First of all, “the best lemonade there is” has been replaced with “A-class lemonade”. It sounds idyllic to be the best, but only a few actually achieve it. Therefore, it is wiser and more realistic to say that an A-class lemonade is being produced. A second change is to replace “worldwide” with “of the country”. This again makes the goal much more realistic. Of course, it is good to dare to dream, but starting with both feet on the ground will yield more results. A final application is that of the Time-bound value.

By 2030, Lemon-A-de produces at least one bottle of A-class lemonade per inhabitant of the country.

The fictitious company Lemon-A-de has set itself the goal of producing Class A lemonade by the year 2030 in such a way that it is able to produce at least one bottle of lemonade per inhabitant of the country in which the company is located. By applying the SMART method, a feasible, measurable and, above all, realistic goal was created.

Gathering information

As the example above shows, setting goals is a difficult and sometimes lengthy process. The following questions can help to get a picture of what is really important to an organization:

  • What does the organization really want to accomplish?
  • When does the organization want to achieve it?
  • What is most important to the organization?
  • What internal and external factors influence the organization?
  • Where does the organization want to be in three to five years?
  • How can this be made measurable?
  • Is the stated goal realistic enough?

The information about the Principles Catalog described the reason for limiting the number of basic principles, requirements and standards (the rapid growth in numbers due to the amount of branching). The same reason applies to drivers, goals, and objectives. Therefore, for each driver, formulate no more than three to five goals. Remember that each goal is made up of one or more objectives.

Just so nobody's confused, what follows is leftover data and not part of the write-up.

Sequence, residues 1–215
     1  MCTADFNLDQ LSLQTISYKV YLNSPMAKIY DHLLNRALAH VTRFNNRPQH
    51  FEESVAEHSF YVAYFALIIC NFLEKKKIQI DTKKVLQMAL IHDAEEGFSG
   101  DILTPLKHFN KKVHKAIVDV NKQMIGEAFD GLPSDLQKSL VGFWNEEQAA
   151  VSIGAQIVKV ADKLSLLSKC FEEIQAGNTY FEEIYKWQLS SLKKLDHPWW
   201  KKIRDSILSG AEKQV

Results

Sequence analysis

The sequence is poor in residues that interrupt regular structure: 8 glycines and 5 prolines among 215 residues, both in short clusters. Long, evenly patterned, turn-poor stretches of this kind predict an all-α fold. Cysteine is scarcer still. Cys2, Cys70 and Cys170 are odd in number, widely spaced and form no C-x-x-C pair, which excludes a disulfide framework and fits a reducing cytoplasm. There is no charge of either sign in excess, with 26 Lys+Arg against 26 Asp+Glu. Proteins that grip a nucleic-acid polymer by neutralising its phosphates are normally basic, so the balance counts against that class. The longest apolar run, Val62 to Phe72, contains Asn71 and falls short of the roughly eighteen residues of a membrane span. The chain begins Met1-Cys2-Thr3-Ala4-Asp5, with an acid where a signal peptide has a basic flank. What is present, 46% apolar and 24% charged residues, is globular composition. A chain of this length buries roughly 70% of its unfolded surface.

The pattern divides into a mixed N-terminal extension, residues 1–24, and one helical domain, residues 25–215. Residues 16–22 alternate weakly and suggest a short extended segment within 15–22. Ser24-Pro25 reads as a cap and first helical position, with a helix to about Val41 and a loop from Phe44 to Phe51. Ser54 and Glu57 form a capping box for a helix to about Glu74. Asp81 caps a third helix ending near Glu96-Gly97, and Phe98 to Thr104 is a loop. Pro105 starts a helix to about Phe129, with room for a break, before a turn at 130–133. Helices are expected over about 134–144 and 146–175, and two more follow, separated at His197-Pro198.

Creating the matrix

In order to create a Strategy/Goal Matrix, follow the steps below.

  • Record all the drivers described in the organization’s strategy.
  • Compare the drivers and make sure they are all sufficiently different from one another.
  • Link the goals to the various drivers.
  • Take extra care to link the goals to all possible drivers they have a relation with.
Strategy/Goal Matrix
Strategy/Goal Matrix

Actors such as boards of directors or other forms of senior management are typically responsible for achieving business goals. By visualizing the relationship between the elements, a Strategy/Goal Matrix makes it clear where there may be overlapping responsibilities. It is important to use this insight to ensure clarity about where responsibilities should be placed. This avoids finger-pointing in the event of disappointing results.

More information

For additional information about creating a Strategy/Goal Matrix, please refer to Chapter 8, Section 8.3.3.2, of my book Getting Started with Enterprise Architecture.

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[1] The Open Group, ArchiMate® 3.2 Specification. ’s-Hertogenbosch: Van Haren Publishing, 2023.

[2] G. T. Doran, “There’s a S.M.A.R.T. way to write management’s goals and objectives”, https://community.mis.temple.edu/mis0855002fall2015/files/2015/10/S.M.A.R.T-Way-Management-Review.pdf, 1981.